Hello everyone! Welcome to another author spotlight! These will be posts where I discuss and showcase, predominantly women and people of color, their writing talents, and published works. So without further ado let’s get on with this *special* Author Spotlight!
Meet the Authors!
Authors Mini Biography Chyrel J. Jackson and Lyris D. Wallace are avid lovers, readers and writers of African American Literature. They grew up in a Southern Suburb of Chicago, IL.
Country Club Hills. As young girls they read Nancy Drew, Hardy Boys, and Judy Blume novels. College was the real scholastic awakening introducing these two Literary Enthusiasts to the Literary works of their great ancestors: Langston Hughes, Zora Neal Hurston, James Baldwin, Toni Morrison, Nikki Giovanni and Sonia Sanchez. These ladies write in the spirit of their ancestors. Writers are born when life intersects with time and chance.
What and when started your love for writing?
Trying to navigate life honestly. You write down what is sometimes difficult to say. College was a whole new and different life experience. You’re exposed to so much more. Your world opens up exposing you to way more than you were exposed to being away from your immediate surroundings. Within that scholastic context I met my literary hero James Baldwin and literally life as I knew it changed for me from that encounter.
My love for writing didn’t start until I got into college. It started with my love for reading. You see, I grew up in a family who loved books. Both my mom and dad read everything they could get their hands on. My sister Chyrel was the same way. But when we were little we often had to share books, so we would read the books together.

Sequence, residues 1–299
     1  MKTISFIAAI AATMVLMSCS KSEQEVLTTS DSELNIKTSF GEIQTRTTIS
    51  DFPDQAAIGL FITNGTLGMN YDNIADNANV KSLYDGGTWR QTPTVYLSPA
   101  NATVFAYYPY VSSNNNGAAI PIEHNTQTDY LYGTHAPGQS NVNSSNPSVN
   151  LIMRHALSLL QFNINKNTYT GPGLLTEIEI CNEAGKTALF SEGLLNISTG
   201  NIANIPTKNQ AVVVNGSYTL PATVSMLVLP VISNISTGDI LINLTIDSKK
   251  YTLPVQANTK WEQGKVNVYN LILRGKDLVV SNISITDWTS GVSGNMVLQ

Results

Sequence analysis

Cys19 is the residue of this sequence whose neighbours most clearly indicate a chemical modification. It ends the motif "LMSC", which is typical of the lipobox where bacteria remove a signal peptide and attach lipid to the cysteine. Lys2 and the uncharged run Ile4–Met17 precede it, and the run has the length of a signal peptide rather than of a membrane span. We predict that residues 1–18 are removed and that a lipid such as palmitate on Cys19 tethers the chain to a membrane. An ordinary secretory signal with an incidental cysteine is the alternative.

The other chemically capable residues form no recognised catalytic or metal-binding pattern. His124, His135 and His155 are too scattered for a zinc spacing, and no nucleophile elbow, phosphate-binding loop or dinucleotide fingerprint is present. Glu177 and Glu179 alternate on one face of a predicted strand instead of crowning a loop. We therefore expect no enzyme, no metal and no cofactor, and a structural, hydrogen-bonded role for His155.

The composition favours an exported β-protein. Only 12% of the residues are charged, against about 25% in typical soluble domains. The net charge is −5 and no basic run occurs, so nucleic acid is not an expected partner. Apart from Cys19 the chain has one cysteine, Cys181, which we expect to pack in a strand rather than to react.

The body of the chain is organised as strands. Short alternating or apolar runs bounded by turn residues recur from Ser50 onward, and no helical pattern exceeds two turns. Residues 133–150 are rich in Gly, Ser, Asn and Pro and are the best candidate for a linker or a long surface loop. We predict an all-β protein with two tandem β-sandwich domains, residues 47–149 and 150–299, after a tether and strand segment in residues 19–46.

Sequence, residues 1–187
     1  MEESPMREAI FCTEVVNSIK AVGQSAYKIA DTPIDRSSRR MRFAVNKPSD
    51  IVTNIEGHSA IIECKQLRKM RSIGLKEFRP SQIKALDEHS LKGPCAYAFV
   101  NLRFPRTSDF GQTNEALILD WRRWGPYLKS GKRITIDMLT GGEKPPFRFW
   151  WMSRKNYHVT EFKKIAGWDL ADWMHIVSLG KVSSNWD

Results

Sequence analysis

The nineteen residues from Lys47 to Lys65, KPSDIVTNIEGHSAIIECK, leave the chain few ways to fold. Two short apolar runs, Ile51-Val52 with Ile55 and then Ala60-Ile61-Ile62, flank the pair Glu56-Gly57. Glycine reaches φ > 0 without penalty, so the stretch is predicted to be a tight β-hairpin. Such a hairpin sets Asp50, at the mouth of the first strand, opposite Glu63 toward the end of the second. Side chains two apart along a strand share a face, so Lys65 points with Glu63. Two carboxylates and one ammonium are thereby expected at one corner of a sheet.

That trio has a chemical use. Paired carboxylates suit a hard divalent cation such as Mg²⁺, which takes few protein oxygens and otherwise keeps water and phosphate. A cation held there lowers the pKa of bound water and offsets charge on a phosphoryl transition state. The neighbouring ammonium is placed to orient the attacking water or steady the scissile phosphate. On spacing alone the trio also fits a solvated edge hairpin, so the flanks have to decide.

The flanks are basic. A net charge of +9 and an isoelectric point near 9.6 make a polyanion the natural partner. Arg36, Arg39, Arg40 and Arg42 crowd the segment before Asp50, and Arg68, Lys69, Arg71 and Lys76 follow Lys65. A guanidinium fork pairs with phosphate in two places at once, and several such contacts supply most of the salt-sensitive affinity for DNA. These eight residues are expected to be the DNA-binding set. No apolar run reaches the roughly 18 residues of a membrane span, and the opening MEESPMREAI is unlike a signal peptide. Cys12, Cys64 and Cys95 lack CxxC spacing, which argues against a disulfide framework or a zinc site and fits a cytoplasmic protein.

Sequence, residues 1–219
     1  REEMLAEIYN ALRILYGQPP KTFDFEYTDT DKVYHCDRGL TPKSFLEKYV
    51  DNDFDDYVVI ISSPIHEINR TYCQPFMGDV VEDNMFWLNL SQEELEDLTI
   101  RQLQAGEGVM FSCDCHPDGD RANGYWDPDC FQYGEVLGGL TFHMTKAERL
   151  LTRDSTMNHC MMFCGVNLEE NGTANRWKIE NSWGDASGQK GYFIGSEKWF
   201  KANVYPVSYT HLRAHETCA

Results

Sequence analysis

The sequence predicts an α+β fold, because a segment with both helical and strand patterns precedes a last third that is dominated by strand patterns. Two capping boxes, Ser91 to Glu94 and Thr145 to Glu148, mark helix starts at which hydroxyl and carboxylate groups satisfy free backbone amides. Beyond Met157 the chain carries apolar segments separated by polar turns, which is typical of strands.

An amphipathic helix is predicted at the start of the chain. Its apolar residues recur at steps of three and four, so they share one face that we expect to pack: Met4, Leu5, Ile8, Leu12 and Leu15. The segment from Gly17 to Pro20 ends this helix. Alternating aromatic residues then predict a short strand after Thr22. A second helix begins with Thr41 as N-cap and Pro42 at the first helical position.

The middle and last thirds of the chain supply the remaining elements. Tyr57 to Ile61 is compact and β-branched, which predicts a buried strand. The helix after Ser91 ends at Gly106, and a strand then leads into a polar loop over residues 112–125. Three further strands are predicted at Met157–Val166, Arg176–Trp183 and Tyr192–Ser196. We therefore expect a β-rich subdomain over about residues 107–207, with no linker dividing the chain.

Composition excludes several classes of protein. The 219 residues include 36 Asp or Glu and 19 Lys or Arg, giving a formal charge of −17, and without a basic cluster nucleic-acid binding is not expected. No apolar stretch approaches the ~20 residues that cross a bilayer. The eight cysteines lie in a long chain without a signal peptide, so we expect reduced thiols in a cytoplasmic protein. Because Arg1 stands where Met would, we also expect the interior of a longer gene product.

Chyrel, was always a better reader and a faster reader than I was, so she would finish a page a lot sooner than I would. It made me hate reading because finishing so long after Chyrel made feel like I wasn’t as smart as she was. In high school all we ever read was Shakespeare, Charles Dickens, and people like that. I couldn’t relate to that nor did I want to.
It wasn’t until my first year in college my sister Chyrel gave me the book Disappearing Acts, by Terry McMillan, and I almost lost my mind. It was truly the best book I’d ever read. Because I hated reading so much, but loved that book, I took 4 different literature courses at the same time because I knew they would force me to read. It was the first time I’d taken a black literature class. I was enraptured. I couldn’t believe that all these wonderful black writers existed and they were actually writing about me. I fell in love with James Baldwin, Zora Neal Hurston, Wallace Thurman, and Mya Angelo. From there I knew I wanted, no, I had to be apart of it. Because of my black literature class I also learned to love, Emily Bronte, Jane Austin, Charles Dickens, and Edgar Alan Poe.
Of all of the book genres, what drew you to write about yours?
Chyrel: Poetry is a very brief snapshot to communicate your feelings. We my sister and I have been through a lot we journal those feelings and before we knew it. We were writing our life story in short abbreviated poems. Those words came together in our current work Different Sides of the Same Coin.